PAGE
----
On January 29, the University of Cincinnati Libraries participated in Bearcat Academy to introduce local high school students to the offerings and possibilities available when they use a research library or consider a career in libraries. The Libraries visit was a part of the programming for the CECH Diversity Research Day.
Bearcat Academy is a partnership between UC and Cincinnati Public Schools to support college awareness, readiness and preparation. The goal is to prepare high school students from underrepresented communities for rigorous college experiences by providing multiple years of mentoring activities that focus on motivation, academic planning, scholarly and social experiences as well as financial awareness. Students from Aiken, Hughes and Taft high schools are recent participants in the program. The goal of the UC Libraries visits is to support students as they progress through each grade level, building their research skills and understanding of what a research library can provide.
In January, 64 students met with librarians and staff members from various library locations and departments to learn the following:
- Erin Rinto, learning and research librarian, and Maggie Patel, business and data analytics librarian, instructed 9th graders on how to find and verify credible sources.
- Tiffany Grant, research informationist, used library tools to demonstrate to 10th graders ways to research careers.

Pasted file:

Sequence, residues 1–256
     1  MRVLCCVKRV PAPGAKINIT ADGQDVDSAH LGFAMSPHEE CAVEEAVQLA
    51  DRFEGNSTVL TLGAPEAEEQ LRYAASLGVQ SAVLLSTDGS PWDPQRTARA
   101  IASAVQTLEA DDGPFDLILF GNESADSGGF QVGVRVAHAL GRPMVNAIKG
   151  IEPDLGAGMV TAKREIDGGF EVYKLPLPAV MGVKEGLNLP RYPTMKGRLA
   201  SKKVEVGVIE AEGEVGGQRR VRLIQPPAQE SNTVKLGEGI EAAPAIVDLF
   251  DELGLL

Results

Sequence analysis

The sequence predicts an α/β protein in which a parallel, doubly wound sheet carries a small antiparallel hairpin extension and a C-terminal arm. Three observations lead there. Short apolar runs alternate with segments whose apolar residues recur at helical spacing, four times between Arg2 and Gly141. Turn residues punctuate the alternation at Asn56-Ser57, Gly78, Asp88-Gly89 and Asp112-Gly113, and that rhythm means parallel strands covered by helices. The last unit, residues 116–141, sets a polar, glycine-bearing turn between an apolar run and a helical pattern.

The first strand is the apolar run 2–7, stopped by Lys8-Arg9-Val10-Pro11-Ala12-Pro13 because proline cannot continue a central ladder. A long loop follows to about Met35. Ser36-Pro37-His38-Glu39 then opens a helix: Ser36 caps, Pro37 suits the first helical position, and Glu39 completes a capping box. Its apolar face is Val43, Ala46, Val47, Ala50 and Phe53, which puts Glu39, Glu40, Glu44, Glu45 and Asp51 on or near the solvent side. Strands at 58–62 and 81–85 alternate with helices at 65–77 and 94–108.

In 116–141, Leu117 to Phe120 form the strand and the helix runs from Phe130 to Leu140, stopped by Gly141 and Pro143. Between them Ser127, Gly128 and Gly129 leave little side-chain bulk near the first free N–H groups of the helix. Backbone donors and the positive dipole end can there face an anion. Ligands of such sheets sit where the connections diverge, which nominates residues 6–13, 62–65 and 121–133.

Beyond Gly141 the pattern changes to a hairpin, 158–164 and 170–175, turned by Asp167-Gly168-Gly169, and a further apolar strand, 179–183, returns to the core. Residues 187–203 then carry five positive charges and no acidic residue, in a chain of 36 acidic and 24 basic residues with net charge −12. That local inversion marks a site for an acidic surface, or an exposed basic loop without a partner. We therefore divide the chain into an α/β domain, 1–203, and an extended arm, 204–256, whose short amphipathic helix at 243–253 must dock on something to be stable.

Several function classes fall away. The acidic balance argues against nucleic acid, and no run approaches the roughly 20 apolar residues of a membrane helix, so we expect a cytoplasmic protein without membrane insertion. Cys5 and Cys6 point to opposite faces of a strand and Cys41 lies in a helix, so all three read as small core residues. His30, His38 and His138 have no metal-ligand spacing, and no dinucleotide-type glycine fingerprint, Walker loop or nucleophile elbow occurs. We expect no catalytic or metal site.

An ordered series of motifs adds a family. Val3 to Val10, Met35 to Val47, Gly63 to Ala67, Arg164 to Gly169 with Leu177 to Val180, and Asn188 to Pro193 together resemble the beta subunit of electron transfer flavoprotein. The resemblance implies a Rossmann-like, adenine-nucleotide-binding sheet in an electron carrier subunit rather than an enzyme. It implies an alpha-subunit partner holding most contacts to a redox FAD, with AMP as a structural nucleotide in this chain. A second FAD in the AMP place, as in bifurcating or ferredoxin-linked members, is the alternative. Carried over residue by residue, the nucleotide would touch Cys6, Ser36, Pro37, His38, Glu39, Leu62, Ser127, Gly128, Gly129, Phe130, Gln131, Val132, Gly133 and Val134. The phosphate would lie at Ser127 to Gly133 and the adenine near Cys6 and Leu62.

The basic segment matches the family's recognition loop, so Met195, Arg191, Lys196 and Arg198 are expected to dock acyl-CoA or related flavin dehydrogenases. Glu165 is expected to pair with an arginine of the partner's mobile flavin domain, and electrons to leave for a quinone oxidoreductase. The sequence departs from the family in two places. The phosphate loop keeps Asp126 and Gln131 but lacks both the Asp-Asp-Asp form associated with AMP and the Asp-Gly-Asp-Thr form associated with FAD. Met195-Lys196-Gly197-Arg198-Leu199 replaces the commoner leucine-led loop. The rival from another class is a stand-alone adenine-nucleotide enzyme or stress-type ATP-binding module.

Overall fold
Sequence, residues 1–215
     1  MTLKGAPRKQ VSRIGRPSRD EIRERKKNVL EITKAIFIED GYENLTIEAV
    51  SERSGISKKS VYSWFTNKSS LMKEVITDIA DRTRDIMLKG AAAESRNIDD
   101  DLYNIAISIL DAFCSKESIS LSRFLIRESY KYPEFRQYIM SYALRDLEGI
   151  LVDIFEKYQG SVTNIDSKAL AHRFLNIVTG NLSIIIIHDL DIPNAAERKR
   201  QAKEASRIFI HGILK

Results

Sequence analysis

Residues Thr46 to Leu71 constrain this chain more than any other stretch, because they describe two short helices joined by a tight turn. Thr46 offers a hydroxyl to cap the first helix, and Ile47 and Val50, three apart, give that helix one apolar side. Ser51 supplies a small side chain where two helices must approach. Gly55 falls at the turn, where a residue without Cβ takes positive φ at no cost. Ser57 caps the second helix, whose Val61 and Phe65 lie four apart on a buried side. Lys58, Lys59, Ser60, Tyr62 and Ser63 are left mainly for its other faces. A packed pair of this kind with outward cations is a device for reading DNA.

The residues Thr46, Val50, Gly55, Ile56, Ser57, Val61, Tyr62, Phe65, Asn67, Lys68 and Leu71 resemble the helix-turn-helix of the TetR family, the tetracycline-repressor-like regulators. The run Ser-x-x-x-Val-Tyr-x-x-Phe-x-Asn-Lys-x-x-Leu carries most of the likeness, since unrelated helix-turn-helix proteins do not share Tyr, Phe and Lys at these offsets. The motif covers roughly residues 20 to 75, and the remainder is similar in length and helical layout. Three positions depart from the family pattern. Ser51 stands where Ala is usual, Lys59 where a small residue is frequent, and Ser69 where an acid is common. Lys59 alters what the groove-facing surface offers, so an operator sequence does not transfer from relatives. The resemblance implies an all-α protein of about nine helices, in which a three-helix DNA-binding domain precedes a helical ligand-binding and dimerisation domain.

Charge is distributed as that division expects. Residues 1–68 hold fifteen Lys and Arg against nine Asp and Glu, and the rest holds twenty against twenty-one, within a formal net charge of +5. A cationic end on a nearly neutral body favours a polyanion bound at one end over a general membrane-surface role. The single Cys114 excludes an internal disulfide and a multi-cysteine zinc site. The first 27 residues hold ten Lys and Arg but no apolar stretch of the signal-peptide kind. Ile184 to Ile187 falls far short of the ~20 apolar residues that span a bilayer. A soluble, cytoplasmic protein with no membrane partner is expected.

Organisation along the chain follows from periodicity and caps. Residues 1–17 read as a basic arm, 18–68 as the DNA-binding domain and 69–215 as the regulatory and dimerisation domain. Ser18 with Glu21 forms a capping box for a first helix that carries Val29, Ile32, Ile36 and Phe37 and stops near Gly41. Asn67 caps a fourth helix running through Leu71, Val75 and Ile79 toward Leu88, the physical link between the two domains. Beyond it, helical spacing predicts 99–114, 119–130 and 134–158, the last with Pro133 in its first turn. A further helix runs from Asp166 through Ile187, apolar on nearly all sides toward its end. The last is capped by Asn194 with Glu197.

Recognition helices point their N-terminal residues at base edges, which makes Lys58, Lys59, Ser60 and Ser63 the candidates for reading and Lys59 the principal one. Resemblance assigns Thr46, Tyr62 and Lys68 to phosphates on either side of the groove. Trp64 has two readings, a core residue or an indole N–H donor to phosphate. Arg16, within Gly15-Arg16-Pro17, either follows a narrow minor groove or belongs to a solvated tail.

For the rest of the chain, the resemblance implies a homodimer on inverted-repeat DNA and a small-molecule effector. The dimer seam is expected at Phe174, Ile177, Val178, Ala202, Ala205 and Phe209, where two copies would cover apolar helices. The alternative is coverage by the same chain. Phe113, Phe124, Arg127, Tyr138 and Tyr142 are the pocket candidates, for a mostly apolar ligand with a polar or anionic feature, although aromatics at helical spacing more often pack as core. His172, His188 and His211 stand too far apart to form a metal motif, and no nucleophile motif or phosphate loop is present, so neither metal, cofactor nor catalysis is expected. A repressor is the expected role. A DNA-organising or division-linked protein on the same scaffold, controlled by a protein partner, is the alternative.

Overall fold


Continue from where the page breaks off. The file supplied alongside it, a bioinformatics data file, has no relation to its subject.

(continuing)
- Mark Konecny, scholarly communications coordinator, and Liz Scarpelli, director of the University Press, presented to 11th graders the various ways to publish and to present scholarly work.
- Rebecca Olson, business and social science informationist, gave 12th graders an overview of the Libraries and information on how they can become a more frequent user of a university library.
The students who engaged with the Libraries through Bearcat Academy said that it was a positive, worthwhile experience and that they learned a lot. One recipient said that he was glad to know, “that nearly anything you want to read/access is available through UC Libraries.” Another stated that the “advice on choosing future career choices” was particularly valuable. When asked what they would like to lean more about, several respondents stated how to evaluate a “good” source from a “bad” and what tools are available in the library would be beneficial to know.
From the Libraries perspective, meeting with the high school students is another way we are striving to be the intellectual hub of the university and to promote community engagement as we support the university’s Next Lives Here CPS Strong pathway. This was the Libraries second engagement with Bearcat Academy with more involvement anticipated in years to come.